Credit cards cause far more stress than first mortgages and lines of credit, a study by Ohio State researchers finds. The more striking finding is that reverse mortgages, which allow people over age 62 to tap the equity in their homes, may reduce stress – at least temporarily.
The researchers used a simple example to illustrate the magnitude of credit card stress. Charging $640 on a card is as stress-producing as adding $10,000 to a mortgage. Credit cards are more stressful than home loans, because the balances on high-rate cards increase quickly when they’re not paid off, and the debt is not backed by an asset.
The researchers considered households to be debt-stressed if they said in a survey that they have had recent difficulty paying bills or have generally experienced financial strains.
This study focused on people over 62. As the share of older Americans carrying debt into retirement has increased, so have the amounts they owe. Debt arguably is very stressful for older workers, who have a dwindling number of years to get their finances under control before retiring, and for retirees, who have to live on fixed incomes.
The findings for reverse mortgages were nuanced – and interesting. Reverse mortgages create less stress than a standard mortgage and are much less stressful than consumer debt. On average, four years after taking out a reverse mortgage, the household’s stress level is 18 percent lower than it was at the time of the loan’s origination, according to the researchers, who did the study for the Retirement and Disability Research Consortium.
But things can change over time. Retirees often use federally insured reverse mortgages to pay off debt or as a regular source of income. But the amount owed on a reverse mortgage increases over time, because retirees do not have to make payments, and the interest compounds. (The loans are paid off when the owner either sells the house or dies.) … Learn More
In one significant way, retirement is materially different than it used to be: far more retirees are still trying to pay off their houses.
Thirty years ago, just one of every four homeowners in their late 60s to late 70s still had a mortgage – today, nearly half do. Once people hit 80, mortgages used to be extremely rare – only 3 percent had them. Today, it’s one in four, Harvard’s Joint Center for Housing Studies recently reported.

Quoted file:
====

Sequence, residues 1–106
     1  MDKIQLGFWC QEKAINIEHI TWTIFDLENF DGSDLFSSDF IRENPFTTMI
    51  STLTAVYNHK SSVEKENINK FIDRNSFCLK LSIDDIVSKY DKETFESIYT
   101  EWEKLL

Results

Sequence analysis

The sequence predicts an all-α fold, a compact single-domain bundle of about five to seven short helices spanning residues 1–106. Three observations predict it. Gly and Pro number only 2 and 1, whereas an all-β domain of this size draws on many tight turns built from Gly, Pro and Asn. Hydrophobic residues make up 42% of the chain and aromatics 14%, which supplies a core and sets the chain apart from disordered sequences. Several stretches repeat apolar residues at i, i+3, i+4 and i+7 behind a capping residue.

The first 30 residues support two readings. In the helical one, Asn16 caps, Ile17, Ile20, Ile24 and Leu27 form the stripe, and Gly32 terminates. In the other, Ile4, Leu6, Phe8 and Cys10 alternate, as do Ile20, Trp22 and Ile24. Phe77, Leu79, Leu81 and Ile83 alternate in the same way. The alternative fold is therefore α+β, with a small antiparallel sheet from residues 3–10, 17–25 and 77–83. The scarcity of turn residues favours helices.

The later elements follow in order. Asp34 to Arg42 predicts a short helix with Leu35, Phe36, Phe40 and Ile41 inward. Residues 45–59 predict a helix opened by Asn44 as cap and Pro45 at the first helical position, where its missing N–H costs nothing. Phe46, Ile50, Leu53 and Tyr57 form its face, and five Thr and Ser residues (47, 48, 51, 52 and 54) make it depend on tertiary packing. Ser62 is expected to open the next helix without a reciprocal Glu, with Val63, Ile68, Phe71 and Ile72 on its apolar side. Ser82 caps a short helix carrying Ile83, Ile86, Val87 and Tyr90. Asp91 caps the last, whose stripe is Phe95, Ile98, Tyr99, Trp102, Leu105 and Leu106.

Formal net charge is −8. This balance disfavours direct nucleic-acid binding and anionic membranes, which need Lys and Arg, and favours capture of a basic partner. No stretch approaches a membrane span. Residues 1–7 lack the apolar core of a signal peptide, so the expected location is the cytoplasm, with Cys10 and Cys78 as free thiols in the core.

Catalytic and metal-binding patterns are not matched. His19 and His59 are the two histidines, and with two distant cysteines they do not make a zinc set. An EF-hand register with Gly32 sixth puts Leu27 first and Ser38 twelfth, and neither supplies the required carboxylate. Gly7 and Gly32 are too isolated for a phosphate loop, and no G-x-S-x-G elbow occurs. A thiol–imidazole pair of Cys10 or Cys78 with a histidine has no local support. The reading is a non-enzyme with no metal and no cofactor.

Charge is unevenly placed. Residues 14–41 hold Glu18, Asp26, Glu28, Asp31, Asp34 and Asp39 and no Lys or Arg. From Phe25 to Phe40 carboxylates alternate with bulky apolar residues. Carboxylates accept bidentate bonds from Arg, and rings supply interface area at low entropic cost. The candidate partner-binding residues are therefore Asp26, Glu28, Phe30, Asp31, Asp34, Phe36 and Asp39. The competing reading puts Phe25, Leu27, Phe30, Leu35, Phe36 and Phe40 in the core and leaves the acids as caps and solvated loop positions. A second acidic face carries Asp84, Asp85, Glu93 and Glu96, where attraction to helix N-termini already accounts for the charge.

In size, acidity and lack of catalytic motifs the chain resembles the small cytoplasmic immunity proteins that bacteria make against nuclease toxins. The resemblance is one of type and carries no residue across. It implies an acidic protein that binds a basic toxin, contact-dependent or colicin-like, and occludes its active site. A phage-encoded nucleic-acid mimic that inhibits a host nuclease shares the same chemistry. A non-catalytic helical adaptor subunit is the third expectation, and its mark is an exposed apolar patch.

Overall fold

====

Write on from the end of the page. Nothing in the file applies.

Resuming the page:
Retiree’s financial condition depends on much more than how much they spend on housing – in particular the size of their retirement savings accounts and Social Security checks. But rent or a mortgage payment is typically the largest item in the monthly budget. Being free of both can be a significant boost to one’s standard of living in retirement.
Jennifer Molinsky, a senior research associate at Harvard’s housing center, described several developments over the past three decades that may explain the dramatic increase in the share of retirees with mortgages.
First, she said, Americans today “seem to have less aversion to debt” than the generation that grew up after the Great Depression and was instilled with frugality. Although consumer debt levels always ebb and flow with the economy’s cycles, total debt as a percentage of disposable income is significantly higher today than it was in the 1990s. The 1986 tax reform act also made mortgages a more attractive form of debt to hold. The reform eliminated the income tax deductions for interest on credit cards and other types of consumer debt, with one exception: mortgage interest.
Having a mortgage isn’t necessarily a bad thing. Mortgage rates have fallen dramatically in recent decades. Many retirees who are still making monthly mortgage payments were able to reduce the payments by refinancing old, partially paid off mortgages into new 30-year loans with lower interest rates.
But another factor that may have pushed up the share of retirees with mortgages has been the long-term run-up in house prices, relative to earnings, which makes it increasingly difficult to pay off a house before retiring. In the late 1980s and early 1990s, house prices were about three times the typical household’s earnings, according to the housing center. Today, prices are more than four times earnings. …Learn More
Necessary cookies are absolutely essential for the website to function properly. This category only includes cookies that ensures basic functionalities and security features of the website. These cookies do not store any personal information.
Any cookies that may not be particularly necessary for the website to function and is used specifically to collect user personal data via analytics, ads, other embedded contents are termed as non-necessary cookies. It is mandatory to procure user consent prior to running these cookies on your website.